Christopher Pietsch Interface Design & Visualization

Christopher is a Berlin based interaction designer who crafts unique digital experiences. His passion for interfaces goes beyond the digital layer as he tries to connect the physical with the digital world.

He studied Computer Science at the HTW Berlin, Interaction Design at the University of Applied Sciences Potsdam and holds a Bachelor’s degree for his thesis on Brain-Computer-Interfaces. As a freelance information and interaction designer he now explores novel types of visualization metaphors. Selected projects include Bumping Borders, a work of dislocative media together with Julian Oliver, NZZ Wandelhalle, a data journalism piece showing lobbying in Switzerland, and Liquidata, a multi-device visualization of personal paths in the city.

Projects Contributions

Publications Published Works

One view is not enough: High-level visualizations of a large cultural collection

— Information Design Journal. 23:1, 2017

As cultural institutions are digitizing their artifacts and interlinking their collections, new opportunities emerge to engage with cultural heritage. However, it is the often comprehensive and complex nature of collections that can make it difficult to grasp their distribution and extent across a variety of dimensions. After a brief introduction to the research area of collection visualizations, this paper presents a design study visualizing an aggregated collection from diverse cultural institutions in Germany. We detail our iterative design process leading to prototypical implementations of four stylistically and functionally coordinated visualizations, each one focusing on different facets of the collection.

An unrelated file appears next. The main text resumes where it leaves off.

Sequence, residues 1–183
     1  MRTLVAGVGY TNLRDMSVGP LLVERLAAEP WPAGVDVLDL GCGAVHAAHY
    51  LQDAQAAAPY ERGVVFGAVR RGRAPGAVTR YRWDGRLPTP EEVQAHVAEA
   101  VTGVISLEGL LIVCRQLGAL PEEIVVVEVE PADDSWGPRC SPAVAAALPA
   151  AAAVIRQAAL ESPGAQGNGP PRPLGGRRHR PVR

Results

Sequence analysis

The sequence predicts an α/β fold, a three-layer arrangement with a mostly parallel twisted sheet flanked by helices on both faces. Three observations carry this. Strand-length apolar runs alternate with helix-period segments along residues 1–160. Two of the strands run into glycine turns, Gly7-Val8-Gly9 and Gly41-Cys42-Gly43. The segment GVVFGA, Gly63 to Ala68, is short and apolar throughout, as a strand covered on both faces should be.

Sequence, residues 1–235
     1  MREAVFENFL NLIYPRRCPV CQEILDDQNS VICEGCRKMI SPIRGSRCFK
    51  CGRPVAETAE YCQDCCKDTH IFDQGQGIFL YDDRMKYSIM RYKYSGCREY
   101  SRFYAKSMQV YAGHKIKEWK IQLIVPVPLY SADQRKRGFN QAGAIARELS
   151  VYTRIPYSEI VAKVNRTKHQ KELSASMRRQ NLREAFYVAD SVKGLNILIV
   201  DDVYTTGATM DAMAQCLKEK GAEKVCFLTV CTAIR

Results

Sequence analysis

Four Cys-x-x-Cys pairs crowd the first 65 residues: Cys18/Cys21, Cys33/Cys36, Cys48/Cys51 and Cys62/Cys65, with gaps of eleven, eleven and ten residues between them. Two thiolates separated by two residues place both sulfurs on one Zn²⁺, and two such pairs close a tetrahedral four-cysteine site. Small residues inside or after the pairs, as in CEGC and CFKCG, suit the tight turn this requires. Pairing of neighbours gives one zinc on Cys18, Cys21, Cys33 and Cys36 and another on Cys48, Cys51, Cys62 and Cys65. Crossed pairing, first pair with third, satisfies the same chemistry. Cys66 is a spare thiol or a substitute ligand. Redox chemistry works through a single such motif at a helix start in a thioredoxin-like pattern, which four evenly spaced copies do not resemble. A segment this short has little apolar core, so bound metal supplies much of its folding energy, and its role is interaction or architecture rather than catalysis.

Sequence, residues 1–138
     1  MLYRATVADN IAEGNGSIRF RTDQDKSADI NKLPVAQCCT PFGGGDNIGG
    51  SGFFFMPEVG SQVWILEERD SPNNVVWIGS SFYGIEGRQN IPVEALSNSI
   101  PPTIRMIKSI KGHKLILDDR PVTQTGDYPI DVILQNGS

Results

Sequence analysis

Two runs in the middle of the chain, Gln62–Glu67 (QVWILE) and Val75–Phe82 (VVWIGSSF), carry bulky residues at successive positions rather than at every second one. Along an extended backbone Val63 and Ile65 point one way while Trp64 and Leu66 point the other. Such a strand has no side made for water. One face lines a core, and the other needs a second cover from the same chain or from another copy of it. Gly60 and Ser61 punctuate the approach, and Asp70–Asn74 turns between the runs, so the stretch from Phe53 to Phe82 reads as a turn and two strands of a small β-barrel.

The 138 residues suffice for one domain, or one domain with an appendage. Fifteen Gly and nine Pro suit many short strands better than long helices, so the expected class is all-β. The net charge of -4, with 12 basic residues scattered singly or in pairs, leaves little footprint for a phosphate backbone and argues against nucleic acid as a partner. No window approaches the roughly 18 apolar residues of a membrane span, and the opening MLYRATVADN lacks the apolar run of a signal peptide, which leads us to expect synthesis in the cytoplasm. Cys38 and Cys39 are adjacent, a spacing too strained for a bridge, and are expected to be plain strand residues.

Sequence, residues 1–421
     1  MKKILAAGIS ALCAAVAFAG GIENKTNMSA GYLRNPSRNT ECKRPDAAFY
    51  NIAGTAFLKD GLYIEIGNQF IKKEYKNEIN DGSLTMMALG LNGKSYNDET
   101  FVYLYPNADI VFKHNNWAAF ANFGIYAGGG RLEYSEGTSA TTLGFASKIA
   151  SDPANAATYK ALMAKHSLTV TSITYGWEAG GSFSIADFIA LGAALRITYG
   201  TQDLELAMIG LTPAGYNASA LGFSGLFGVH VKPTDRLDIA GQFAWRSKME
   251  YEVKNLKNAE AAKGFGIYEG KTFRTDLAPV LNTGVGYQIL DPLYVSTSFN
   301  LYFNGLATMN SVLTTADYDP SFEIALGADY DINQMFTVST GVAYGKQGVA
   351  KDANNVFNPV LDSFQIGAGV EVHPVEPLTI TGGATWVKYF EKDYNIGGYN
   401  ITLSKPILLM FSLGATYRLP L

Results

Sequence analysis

Past Visions and Reconciling Views: Visualizing Time, Texture and Themes in Cultural Collections

— DHQ: Digital Humanities Quarterly. 11:2, 2017

We present a case study on visualizing a collection of historic drawings along its metadata structure while also allowing for close examination of the artifacts’ texture. With regards to the specific character of cultural heritage at the intersection of research, education, and public interest, the presented visualization environment aims at meeting the requirements of both researchers as well as a broader public. We present the results from a collaborative interdisciplinary research project that involved a cultural heritage foundation, art historians, designers, and computer scientists. The case study examines the potential of visualization when applied to, and developed for, cultural heritage collections. It specifically explores how techniques aimed at visualizing the quantitative structure of a collection can be coupled with a more qualitative mode that allows for detailed examination of the artifacts and their contexts by displaying high-resolution views of digitized cultural objects with detailed art historical research findings. Making use of latest web technologies, the resulting visualization environment allows for dynamic filtering and zooming of a collection of visual resources that are arranged along a contextualized timeline. We share insights from our collaborative design process and the feedback and usage data gathered during the deployment of the resulting prototype as a web application. We end with a discussion of transferability of carefully crafted and collaboratively negotiated visualizations of cultural heritage and raise questions concerning the applicability of our approach to related strands of humanities research.


Von sammlungsspezifischen Visualisierungen zu nachnutzbaren Werkzeugen

— in: Konferenzband zur DHd 2017 Bern - Digitale Nachhaltigkeit, 2017